- Benefits received by immigrant’s family members
- Special Supplemental Nutrition for Women Infants and Children (WIC)
- School Breakfast and Lunch
- Energy Assistance (LIHEAP)
- Transportation vouchers or non cash transportation services
- Non-cash TANF benefits
- Tax credits, including the Earned Income Tax Credit and Child Tax Credit
- Advance premium tax credits under the Affordable Care Act
- Pell grants and student Loans
- Current litigation challenging Public Charge
- Amici Curiae In Support of California's challenge of the Public Charge Rule
- Amici Curiae In Support of challenge to the Public Charge Rule in Illinois
- Amici Curiae In Support of New York state's challenge of the Public Charge Rule
- Disability Advocacy Groups File Amicus Brief Opposing the Public Charge Rule
- Amicus Brief Opposing DHS's Motion for a Stay 2nd Circuit
- Amicus Brief Opposing DHS Motion for Stay - 9th Circuit
- Need an attorney? Visit the National Immigration Legal Services Directory for to search for immigration legal services providers.
- New, Updated, and Translated Materials, Flores Rule Finalized, and the Return of Public Charge 101
- Examples Of How The New Public Charge Test Would Work
2.24.2020: The public charge rule goes into effect nationwide while multiple challenges continue through federal courts. For more information about who will be affected by the enforcement of the regulation please visit: https://protectingimmigrantfamilies.org/know-your-rights/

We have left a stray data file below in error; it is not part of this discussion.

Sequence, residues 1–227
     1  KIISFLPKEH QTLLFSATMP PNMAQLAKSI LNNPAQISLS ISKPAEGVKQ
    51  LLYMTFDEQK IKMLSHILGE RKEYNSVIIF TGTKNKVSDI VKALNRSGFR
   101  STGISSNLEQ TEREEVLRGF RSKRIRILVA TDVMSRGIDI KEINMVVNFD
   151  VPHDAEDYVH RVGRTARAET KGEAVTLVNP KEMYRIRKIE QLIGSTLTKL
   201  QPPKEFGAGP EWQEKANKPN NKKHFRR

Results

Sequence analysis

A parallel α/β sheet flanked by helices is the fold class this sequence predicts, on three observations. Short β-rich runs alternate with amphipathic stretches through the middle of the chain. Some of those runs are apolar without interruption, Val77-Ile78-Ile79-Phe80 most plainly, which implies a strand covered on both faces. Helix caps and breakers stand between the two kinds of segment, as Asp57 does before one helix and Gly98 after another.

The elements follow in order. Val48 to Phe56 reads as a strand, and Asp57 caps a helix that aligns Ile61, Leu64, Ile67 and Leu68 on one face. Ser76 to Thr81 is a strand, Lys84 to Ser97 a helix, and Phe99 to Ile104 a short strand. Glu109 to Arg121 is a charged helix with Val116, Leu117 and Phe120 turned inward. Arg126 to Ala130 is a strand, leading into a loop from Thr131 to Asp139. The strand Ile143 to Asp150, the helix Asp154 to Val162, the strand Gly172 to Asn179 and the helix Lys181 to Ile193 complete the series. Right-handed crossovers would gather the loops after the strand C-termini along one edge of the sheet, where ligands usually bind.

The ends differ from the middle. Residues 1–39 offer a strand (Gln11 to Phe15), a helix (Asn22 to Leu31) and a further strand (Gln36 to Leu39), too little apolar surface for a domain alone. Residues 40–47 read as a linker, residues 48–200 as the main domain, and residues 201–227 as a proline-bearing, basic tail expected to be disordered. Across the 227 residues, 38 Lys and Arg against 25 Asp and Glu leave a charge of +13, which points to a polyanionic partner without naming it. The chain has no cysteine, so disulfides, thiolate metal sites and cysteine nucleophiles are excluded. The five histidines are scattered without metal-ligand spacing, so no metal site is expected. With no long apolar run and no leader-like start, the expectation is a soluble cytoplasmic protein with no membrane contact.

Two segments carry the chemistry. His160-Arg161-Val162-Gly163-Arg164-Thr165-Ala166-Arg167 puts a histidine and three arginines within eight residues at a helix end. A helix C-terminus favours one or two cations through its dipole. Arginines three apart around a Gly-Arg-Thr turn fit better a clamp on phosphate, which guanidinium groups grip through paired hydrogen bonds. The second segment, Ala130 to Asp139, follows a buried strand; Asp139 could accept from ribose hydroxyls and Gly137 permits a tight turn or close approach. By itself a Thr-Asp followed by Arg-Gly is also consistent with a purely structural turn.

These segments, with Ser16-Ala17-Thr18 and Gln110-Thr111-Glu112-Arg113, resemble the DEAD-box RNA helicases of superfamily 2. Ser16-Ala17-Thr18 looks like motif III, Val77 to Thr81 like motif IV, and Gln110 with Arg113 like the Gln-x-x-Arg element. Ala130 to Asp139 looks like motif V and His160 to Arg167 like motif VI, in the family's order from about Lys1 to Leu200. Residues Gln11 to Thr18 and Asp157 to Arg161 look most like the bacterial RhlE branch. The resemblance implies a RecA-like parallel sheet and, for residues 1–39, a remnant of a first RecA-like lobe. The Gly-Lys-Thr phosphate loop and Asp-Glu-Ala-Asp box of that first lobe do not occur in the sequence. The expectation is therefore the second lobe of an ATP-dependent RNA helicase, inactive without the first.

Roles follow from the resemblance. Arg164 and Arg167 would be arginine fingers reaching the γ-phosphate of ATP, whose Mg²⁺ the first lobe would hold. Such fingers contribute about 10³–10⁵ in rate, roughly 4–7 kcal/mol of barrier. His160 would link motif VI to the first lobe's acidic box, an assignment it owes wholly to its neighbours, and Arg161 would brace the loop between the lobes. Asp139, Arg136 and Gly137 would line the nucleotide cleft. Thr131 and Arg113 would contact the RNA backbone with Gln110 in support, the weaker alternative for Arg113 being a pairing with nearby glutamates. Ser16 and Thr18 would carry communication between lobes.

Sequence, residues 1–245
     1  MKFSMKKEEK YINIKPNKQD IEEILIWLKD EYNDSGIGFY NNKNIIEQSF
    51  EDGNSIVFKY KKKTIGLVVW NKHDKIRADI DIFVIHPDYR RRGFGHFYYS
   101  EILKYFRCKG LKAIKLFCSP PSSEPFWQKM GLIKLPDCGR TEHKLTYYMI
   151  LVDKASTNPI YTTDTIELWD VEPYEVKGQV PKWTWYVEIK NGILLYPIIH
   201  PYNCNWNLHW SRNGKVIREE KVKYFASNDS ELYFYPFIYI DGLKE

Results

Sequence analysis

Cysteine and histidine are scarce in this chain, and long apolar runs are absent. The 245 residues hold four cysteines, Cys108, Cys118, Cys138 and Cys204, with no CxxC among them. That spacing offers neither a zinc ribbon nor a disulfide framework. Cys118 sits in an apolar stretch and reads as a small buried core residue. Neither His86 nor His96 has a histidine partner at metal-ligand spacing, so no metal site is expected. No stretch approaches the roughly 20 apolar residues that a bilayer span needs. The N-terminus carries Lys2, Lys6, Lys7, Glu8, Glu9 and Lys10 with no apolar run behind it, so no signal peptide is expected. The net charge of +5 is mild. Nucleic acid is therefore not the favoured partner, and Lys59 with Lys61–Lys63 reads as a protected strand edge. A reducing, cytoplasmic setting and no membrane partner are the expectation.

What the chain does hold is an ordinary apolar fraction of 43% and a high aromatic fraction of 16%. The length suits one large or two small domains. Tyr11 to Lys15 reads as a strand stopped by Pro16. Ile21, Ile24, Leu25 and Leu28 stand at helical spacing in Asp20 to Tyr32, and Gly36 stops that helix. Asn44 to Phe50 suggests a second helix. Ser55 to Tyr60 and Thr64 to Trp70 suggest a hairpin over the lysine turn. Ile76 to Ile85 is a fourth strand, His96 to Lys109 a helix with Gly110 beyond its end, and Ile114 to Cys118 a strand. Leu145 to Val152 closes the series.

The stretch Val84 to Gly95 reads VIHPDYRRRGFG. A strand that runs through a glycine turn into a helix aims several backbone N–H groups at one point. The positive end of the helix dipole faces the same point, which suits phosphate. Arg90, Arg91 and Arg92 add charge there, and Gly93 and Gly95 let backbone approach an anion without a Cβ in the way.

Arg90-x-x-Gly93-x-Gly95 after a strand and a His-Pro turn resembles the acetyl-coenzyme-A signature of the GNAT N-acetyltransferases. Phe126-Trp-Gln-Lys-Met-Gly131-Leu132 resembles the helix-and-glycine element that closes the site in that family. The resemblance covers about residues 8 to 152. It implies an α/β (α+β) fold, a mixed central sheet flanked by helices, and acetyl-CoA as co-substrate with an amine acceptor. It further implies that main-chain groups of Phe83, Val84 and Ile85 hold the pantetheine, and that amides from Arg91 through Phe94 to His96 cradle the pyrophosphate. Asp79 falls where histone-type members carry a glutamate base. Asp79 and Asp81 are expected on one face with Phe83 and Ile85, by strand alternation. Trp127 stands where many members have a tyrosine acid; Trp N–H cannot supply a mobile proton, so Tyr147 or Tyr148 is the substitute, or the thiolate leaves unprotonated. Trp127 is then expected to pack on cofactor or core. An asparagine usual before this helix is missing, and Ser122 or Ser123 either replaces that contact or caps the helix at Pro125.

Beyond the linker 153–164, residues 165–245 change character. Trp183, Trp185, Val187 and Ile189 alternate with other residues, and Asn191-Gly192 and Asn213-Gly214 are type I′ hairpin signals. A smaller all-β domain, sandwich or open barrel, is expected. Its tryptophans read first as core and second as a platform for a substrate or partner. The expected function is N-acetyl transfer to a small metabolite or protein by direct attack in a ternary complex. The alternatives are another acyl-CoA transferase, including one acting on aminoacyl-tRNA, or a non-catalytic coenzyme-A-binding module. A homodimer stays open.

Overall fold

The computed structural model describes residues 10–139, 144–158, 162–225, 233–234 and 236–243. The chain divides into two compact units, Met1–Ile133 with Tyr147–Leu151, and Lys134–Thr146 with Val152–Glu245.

2.21.2020: In a 5-4 decision, the U.S. Supreme Court lifted the final injunction on the public charge rule, imposed by an Illinois District Court. The regulation is scheduled to take effect nationwide on Monday, February 24, 2020 while the litigation proceeds in lower courts.
1.30.2020: USCIS Announces Public Charge Rule Implementation will be effective after February 24, 2020 in all states except Illinois. For applications and petitions that are sent by commercial courier (e.g., UPS/FedEx/DHL), the postmark date is the date reflected on the courier receipt. Learn more.
1.27.2020: The Supreme Court voted to lift the nationwide injunciton on the proposal imposed by a federal judge in New York while the case develops in the Second Circuit Court of Appeals. Learn more.
01.08.2020: An appeals court just ruled against Trump’s public charge rule. The Trump administration’s “public charge” regulation remains blocked nationwide. As a result, the Trump administration remains prohibited from applying the new DHS public charge regulation anywhere.
11.25.2019 Disability Rights organizations, including The Coelho Center filed an amicus curie opposing DHS's motion to stay the injunction. See more here Amicus Brief Opposing DHS's Motion for a Stay
10.15.2019 Courts in Illinois and Maryland issue injunction for the public charge rule with the Federal Court in Maryland holding that a national injunction is approved.
10.12.2019 Federal Courts in NY, Washington and California issue preliminary injunction on the public charge rule. Read more.
9.19.2019 DHS informed the House Oversight Committee that USCIS would resume consideration of deferred action requests.See September 19th Press Release
August 2019 The Coelho Center for Disability Law, Policy and Innovation joined with over 150 organizations in calling upon USCIS to fully restore deferred action adjudications. View the document on the American Immigration Lawyers Association here.